The wire harness and designing consumer appliances

Wire harnesses inside a consumer appliance

You may be designing your latest project, thinking that the wire harness is just a load of wires. Perhaps you’re focusing more on the form, function and features, which makes it easy to leave the wiring until last. It’s a common mistake to make. But it’s a mistake you can’t afford to make in the consumer appliance and electronics industry, where cost is everything.

Here's a few key points about wire harnesses to keep in mind:

  1. Each component of a wire harness can affect the finished product.
  2. Wires, connectors and coverings must be designed to perform in a specific set of environmental conditions.
  3. Voltage, amperage and operating temperatures must all be considered as they will affect the choices you make.

So, what are these choices and what are the right ones to make for your application? Here’s an engineer’s guide to designing your wire harness.

Wire Harness assembly

  1. Shorter wires do not necessarily mean lower costs. Assembly times can actually have a bigger impact on the cost if errors are made.
  2. One of the biggest problems with wire harnesses is the routing and bunching of wires, so it needs to be laid out in a way that the operator can’t make a mistake.
  3. There could be 30 or 50 terminations, so design it in a way that the operator can’t insert a terminal in the wrong place.

Wire Harness installation

  1. Again, the cost of wires and heat resistant wire connectors is less than the installation time so always weigh up one against the other.
  2. A spinal cord design typically has more wire than a spider web design but are easier to install and simpler to service.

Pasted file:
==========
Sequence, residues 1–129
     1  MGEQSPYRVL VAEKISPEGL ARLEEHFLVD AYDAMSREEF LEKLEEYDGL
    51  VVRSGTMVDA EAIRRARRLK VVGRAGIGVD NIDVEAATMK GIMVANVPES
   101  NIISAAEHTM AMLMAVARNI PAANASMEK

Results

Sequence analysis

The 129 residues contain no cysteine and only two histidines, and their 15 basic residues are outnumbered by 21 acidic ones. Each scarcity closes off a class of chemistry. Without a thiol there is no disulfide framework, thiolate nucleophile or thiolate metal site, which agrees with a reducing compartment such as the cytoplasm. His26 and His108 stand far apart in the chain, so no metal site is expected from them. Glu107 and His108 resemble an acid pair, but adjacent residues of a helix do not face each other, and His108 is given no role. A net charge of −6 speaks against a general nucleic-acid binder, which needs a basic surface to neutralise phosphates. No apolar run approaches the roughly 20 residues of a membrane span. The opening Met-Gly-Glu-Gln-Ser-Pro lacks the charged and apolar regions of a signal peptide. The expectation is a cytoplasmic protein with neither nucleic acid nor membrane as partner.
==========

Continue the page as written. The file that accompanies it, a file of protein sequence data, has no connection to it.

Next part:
The connectors

  1. The type and speed of the signal being transmitted will drive the connector choice.
  2. Choose a crimp-type connector if power is being sent through the assembly.
  3. Choose a soldered or welded connection if a high-speed signal is being transmitted.
  4. Consider if the final assembly is already equipped with a certain type of connector. Terminal choices will be limited.

The conductor or circuits

  1. The type and number of circuits or conductors included will depend on your application.
  2. The most versatile and widely used conductor material is copper, as it’s compatible with a wide range of coatings to slow the rate of corrosion.
  3. If you require more breaking strength, use copper-clad steel or copper alloys.

The coverings

A wire covering provides an extra layer of insulation and protection from abrasion, chemicals, fluids, heat, moisture, moving parts, squeaks, rattles and vibration. Flexible wire covers also act as electromagnetic protectors against interference.

Wire harness coverings include:

Heat shrink tubing

Wraps comfortably around wires and smooths out surface imperfections, providing thermal and electrical insulation. Adhesive-backed tubing gives a robust seal against moisture and chemicals.

Cable protection sleeve